A good weekend for the Bundesliga's video referee but its flaws will remain

The video assistant referee system introduced in the Bundesliga this season has had both critics and teething problems but played its part in some major decisions this weekend. Despite some successes, problems remain.

When Timo Werner hit the deck on Friday night, Hamburg’s players must’ve thought all their good work in the first half had come undone. The Germany striker’s reputation for theatrics didn’t stop the referee pointing to the spot to give RB Leipzig a penalty that could’ve broken the deadlock.

But the hosts were saved, temporarily as it turned out, by the video referee, who decided that Albin Ekdal had won the ball. It was widely regarded as the right decision - even by Leipzig's own Twitter account - and was made in relatively quick time without any disruption to play.

The following day, VAR was again called in to action – this time in Borussia Dortmund’s clash with Freiburg. Yoric Ravet clattered in to Dortmund fullback Marcel Schmelzer just before the half-hour mark and received a yellow card. But the decision then went upstairs and the video referee in Cologne ruled the tackle was dangerous enough to warrant red.

Slowly not surely?

The call incensed Christian Streich, Freiburg’s usually sanguine coach, so much that he sarcastically applauded the match officials as Ravet headed for the tunnel. Streich later said he supported the use of the technology but Ravet’s teammate Amir Abrashi was not so positive.

“I really do not like it,” he fumed. “If it is in slow motion, then it looks bad. But he does not mean it to be a ‘break your leg’ tackle.”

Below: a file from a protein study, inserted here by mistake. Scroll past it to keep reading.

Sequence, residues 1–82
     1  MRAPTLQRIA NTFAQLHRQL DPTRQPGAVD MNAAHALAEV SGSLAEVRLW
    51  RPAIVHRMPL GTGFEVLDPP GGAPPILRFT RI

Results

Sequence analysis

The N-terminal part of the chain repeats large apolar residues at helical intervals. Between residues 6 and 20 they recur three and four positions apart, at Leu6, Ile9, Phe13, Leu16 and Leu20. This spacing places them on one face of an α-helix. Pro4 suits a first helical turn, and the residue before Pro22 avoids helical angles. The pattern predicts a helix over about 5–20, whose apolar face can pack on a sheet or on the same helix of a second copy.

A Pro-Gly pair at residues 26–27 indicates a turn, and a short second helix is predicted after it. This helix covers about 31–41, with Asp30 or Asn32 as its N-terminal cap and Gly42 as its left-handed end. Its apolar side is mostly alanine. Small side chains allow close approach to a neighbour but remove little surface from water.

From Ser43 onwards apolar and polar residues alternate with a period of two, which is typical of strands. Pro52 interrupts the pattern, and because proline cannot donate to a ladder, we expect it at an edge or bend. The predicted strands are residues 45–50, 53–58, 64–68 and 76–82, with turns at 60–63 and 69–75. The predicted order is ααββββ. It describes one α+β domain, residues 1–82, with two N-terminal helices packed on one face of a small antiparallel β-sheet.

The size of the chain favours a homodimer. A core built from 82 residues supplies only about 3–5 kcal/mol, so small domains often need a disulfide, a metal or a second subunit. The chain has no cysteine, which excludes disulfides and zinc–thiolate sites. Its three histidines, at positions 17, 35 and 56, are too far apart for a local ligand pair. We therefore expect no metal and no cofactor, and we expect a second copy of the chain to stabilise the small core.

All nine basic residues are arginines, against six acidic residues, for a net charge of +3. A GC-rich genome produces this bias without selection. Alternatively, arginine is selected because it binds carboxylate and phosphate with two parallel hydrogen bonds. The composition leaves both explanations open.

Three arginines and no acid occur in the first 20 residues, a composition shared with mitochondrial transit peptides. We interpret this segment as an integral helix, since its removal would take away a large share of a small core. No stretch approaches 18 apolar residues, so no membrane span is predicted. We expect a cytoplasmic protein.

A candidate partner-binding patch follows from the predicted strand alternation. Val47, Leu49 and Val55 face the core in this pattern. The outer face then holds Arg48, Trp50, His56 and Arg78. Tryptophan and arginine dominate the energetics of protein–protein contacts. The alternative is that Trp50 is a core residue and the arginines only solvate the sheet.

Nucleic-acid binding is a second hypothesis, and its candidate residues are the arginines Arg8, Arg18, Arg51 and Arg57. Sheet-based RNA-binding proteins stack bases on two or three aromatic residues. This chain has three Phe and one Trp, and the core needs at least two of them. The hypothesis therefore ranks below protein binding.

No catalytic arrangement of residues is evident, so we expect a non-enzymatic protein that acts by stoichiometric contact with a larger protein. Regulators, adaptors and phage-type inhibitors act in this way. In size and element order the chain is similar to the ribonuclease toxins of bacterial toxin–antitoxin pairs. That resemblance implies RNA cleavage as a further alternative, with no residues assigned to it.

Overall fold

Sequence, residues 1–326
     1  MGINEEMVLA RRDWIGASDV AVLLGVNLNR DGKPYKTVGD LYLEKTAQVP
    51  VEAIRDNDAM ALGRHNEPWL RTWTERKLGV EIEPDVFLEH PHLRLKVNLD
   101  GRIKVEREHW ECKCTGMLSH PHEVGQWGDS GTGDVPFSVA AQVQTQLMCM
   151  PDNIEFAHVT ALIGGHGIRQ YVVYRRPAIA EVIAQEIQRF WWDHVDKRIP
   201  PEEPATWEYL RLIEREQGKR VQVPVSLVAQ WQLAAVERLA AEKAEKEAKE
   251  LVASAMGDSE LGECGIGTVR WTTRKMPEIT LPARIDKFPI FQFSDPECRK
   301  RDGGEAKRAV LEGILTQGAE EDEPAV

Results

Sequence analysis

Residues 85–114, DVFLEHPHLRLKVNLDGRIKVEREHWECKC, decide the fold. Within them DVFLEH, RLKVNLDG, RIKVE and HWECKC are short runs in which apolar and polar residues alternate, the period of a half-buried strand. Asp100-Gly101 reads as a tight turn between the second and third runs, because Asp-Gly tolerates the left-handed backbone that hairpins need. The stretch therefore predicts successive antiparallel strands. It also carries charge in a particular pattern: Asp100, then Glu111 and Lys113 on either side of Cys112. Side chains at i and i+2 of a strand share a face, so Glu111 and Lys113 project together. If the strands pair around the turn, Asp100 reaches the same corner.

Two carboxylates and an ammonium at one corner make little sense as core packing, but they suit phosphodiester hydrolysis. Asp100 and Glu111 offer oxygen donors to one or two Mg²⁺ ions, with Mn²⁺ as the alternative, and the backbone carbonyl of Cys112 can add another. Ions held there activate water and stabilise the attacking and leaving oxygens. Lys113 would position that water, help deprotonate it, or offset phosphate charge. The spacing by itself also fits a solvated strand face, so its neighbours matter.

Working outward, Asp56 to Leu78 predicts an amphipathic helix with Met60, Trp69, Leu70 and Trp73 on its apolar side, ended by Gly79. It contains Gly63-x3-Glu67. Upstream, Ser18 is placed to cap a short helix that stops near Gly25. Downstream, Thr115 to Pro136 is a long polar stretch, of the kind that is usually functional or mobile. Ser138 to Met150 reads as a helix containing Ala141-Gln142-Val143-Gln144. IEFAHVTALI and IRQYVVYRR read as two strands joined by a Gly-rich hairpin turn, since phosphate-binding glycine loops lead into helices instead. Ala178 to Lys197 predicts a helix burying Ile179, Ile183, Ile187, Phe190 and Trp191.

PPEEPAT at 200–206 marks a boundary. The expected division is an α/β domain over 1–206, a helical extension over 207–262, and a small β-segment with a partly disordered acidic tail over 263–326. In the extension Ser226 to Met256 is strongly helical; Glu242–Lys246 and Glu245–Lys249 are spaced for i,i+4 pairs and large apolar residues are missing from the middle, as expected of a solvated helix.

Bundesliga Hamburger SV - RB Leipzig Foul an Timo Werner

This tackle on Timo Werner was initially deemed a foul, then the decision was overturned

Despite Freiburg’s protests, most observers again agreed that the correct call had been made. The tackle looked late and dangerous and Schmelzer was stretchered off and taken to hospital (where it was later confirmed he would be out for six weeks).

After what the Bundesliga described as “massive technical problems” that impacted all of the 15:30 kickoffs in the first weekend of the league season, these two incidents looked to be a boost to the popularity of an innovation that was always going to be controversial in a sport resistant to on-pitch change.

While their thoughts are obviously of a partisan nature, Streich and Abrashi weren’t the only ones to disagree with the prevailing opinions. Abrashi’s point about slow motion making tackles look worse is valid and is also often the case when players go to ground at high speeds.

Humans still decisive

Furthermore, both of these decisions were subjective. There’s nothing to say that, had the role of the on-pitch and video referee been reversed, the decision would have been the same.

Unlike tennis – an early adopter of video technology – most refereeing decisions in football rely on judgement. A serve is either inside the line or out but the amount of contact required for a free kick or the malicious intent of a late tackle are impossible to define in empirical terms.

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There are exceptions – offside is one and the ball crossing a touchline is another – but without a drastic change in the laws, the majority of refereeing decisions in a football match rely on human calculations.

No amount of technological fine-tuning is going to change that, which begs the question of whether the VAR should be used in less instances than it currently is. But ultimately it also seems logical to argue that a person with time, multiple camera angles and replays is better equipped to make an informed judgement than a person who gets one look from one angle observed by thousands of people.